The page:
Diamond Head State Monument: Summit Trail Hike

Oahu – Day 3 – Part 1

Diamond Head also known as Le’ahi (Hawaiian name for Diamond Head Crater) is one of the most recognized landmarks in Hawaii and one of the most popular hikes in Oahu. The summit trail hike is a 0.8 mile (one way) moderate hike where you follow a switch back trail most of the way until you are greeted with tunnels and stairs towards the summit. What makes this hike interesting is that trail is built by the military as part of Oahu’s coastal defense system.
We drove to the Diamond Head State Monument but there are bus stops at the base where you can start your hike a little earlier and pay $1/person. As for us, after turning in, follow the road up pass the lookout through the Kahala tunnel to the toll where you pay $5/car (with only 4 people in the car, I guess we paid an extra $1 for parking). We were given a trail brochure with a map and plenty of information. Click HERE to see a PDF of the brochure. You can easily follow the numbers on the map for information and the route. There really is no way you can get lost.

1-2. The hike starts with a paved path from trail head kiosk for about o.2 miles.


3. Switchback trails


Double Rainbows


4. Me at the Landing / Lookout. I think the crater floor is just below.

3.  You are then led onto a switchback (zig zag) trail that conforms to the steep interior slope. As we made our way up, it started to rain lightly and as the rain subsided, a double rainbow formed above us. Hawaii really is the rainbow state!

4. After stopping for tons of pictures of the double rainbow, we made another stop at a concrete landing / lookout our first site of the crater. According to the brochure, this area was used to pull materials up from the crater floor. No wonder the landings looked a little scary hanging right off the edge.

5. At this point I didn’t think much of the hike just yet. It was just like any short hike I’ve taken in San Diego if not easier. But I was warned that there will be steep stairs and I wondered how it would compare to Sunrise Peek in Jeju South Korea. We approached our first set of stairs with 74 steps. So far so good.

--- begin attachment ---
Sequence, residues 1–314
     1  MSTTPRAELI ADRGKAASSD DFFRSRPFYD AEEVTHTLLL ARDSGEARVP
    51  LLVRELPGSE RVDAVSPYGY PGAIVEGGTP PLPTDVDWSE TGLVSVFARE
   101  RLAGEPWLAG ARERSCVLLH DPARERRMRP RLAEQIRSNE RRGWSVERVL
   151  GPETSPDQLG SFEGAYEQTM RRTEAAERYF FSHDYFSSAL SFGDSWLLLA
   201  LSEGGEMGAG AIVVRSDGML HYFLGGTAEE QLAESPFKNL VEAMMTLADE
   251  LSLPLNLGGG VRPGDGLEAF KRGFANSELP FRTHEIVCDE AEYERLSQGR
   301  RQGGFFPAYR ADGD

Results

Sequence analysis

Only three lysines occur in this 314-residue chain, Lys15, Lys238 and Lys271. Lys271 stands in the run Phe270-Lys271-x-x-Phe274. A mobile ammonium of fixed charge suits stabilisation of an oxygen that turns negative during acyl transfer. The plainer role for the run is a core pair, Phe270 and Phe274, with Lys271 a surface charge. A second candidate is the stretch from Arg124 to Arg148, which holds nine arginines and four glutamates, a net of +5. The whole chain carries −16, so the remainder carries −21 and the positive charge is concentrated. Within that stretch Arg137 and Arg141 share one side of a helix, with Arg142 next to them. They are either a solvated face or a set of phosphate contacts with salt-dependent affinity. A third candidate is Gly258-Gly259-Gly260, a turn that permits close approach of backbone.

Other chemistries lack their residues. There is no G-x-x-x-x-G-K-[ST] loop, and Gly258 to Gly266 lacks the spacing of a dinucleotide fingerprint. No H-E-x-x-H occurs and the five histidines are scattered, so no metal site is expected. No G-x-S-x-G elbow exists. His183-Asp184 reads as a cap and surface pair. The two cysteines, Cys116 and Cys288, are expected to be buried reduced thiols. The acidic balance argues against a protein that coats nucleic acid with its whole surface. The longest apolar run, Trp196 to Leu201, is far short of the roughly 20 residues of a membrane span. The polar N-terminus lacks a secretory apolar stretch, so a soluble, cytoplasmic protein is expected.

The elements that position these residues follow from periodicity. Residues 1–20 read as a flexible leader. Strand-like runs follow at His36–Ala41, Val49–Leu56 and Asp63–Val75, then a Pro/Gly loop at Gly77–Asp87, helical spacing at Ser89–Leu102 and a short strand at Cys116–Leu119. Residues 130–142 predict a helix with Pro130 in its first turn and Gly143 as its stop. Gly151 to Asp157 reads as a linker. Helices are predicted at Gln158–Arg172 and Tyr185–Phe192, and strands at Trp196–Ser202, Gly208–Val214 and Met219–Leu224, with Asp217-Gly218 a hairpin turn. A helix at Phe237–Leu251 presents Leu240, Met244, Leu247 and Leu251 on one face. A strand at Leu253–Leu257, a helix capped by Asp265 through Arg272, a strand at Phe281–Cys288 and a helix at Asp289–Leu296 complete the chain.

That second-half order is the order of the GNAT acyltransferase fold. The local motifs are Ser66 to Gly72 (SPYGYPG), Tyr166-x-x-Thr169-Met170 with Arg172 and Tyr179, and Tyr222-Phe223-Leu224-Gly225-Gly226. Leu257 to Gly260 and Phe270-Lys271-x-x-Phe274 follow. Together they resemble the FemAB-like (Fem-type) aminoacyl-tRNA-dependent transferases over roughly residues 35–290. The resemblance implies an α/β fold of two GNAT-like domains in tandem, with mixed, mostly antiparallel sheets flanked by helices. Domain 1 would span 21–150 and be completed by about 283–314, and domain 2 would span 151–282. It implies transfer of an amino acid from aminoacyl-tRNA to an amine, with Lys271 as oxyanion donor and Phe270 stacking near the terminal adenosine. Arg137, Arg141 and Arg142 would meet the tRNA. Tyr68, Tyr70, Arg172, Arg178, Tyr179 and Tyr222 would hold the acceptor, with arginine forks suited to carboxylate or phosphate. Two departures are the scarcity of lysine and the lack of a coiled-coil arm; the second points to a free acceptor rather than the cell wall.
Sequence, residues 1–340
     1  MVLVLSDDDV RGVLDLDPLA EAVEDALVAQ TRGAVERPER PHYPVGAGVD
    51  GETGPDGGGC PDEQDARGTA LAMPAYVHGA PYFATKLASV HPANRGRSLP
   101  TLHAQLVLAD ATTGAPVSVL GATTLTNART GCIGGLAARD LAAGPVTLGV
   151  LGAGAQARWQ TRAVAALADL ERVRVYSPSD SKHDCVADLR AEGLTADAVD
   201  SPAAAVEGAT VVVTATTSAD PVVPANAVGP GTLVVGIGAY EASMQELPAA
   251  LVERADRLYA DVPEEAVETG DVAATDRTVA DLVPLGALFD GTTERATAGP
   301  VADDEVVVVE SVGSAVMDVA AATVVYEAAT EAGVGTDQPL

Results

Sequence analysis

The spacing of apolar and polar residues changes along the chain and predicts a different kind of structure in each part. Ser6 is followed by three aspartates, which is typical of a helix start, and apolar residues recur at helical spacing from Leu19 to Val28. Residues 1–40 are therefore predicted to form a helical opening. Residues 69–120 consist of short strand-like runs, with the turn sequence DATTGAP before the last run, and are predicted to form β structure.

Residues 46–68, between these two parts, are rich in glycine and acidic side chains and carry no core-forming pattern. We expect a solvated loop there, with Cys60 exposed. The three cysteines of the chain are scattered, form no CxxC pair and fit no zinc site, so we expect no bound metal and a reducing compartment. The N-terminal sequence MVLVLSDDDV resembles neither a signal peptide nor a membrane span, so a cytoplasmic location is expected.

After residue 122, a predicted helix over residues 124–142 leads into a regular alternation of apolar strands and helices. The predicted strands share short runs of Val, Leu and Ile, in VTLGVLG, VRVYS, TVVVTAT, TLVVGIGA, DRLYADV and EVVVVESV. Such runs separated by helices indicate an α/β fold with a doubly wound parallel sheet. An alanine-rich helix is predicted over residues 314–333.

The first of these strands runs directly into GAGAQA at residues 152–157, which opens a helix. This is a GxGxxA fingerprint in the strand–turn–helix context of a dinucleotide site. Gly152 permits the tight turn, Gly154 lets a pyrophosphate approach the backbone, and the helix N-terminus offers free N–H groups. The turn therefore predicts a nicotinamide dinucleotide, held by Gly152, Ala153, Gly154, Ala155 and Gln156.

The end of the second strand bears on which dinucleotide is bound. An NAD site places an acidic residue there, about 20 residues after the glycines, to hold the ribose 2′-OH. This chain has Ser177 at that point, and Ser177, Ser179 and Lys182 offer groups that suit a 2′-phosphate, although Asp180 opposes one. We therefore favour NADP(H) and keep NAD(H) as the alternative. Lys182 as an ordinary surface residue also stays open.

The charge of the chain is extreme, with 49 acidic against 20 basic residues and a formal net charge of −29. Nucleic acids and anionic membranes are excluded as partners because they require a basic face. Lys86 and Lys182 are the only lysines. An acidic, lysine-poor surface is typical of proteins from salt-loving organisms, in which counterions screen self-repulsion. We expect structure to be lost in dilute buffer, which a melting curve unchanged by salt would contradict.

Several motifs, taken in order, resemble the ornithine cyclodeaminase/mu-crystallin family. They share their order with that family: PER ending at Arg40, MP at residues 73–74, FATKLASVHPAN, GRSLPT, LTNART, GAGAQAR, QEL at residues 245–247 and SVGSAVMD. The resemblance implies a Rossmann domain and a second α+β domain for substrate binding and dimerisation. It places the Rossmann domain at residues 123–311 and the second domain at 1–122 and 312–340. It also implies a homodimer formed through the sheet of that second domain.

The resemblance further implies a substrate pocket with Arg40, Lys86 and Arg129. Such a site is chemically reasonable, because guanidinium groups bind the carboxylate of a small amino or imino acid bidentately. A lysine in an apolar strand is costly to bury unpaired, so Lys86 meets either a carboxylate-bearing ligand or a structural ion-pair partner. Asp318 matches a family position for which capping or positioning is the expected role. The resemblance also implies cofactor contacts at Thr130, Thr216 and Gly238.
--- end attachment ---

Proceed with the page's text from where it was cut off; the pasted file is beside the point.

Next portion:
6. At the top of the stairs we walked through a narrow tunnel 225 feet long. Remember to take off your sunglasses! There is some light in the tunnel but still dark. So be careful and I guess you might not want to take go on this hike if you’re claustrophobic.


6. Light at the end of the tunnel


7. At the bottom of “the stairs”

16. From the tunnel you are led straight to the infamous stairs. But take a break first if you need at number 16. If you don’t think you want to take the stair you can always continue walking to number 15 to the summit.


7. Half way there.

7. We took the stairs. They say, take it slow and easy and take breaks if you need to. This set of stairs is much steeper than the other set of stairs (and I think it’s much steeper than any stairs we took on Sunrise Peak in Jeju South Korea). It seems a little scary seeing how steep it is with beams above it. I originally though that those beams were there in case we fell back. haha. But according to the brochure they are used to place camouflaging. The stairs are like the stair master, but it’s the real thing.

8. From the top of the stairs you enter the Fire Control Station.

9. We’re not done with stairs?! Nope! Here we have a set of metal spiral stairs inside the Fire Control Station. It is narrow, loud, and feels as if we are walking through an old abandoned scary building. Though there are several levels where people once exited stairs to, it was all closed until we made it to the forth level. (52 steps)

10. Now that we’ve made it to the top, we exit the Fire Control Station through some slits that were once covered by metal shutters. You might have to crawl out of there. But you will be greeted by some amazing views. “At the summit, you’ll see bunkers on the crater rim and a navigational lighthouse built in 1917 along the coast outside the crater. The postcard view of the shoreline of southeastern O’ahu from Koko Head to Wai’anae is stunning, and during winter, may include passing humpback whales.”


10. Dad exiting the Fire Control Station

11-12. This is the final set of stairs (yes stairs) at the summit! But I think it’s much better than having to use a ladder. You will be standing a the top of the Fire Control Station for the 360 view of Oahu.


11-12. Me, Mom, and Sis with Waikiki behind us


11-12. View of the shoreline of southeastern O’ahu


11-12. View of the rim

13. Instead of heading back into the Fire Control Station to head back down, walk along the rim with an easy set of metal stairs that loops back to the first tunnel.


13. Heading down along the rim

14 – 15. You can make a quick detour number 15 to another lookout or continue on down.


14-15. Mom and Dad at the Lookout


Exiting the tunnel to head down the first set of stairs (the easier set)


Overall, the hike was not very difficult and actually quite fun. Most of the hike is relatively easy, until you hit the stairs and even then just don’t rush and take it easy. The Fire Control Station at the summit makes the hike an experience. There was a food truck, a little kiosk, and bathrooms facilities just before the trail starts. We took a little break there before heading back to Waikiki for breakfast.




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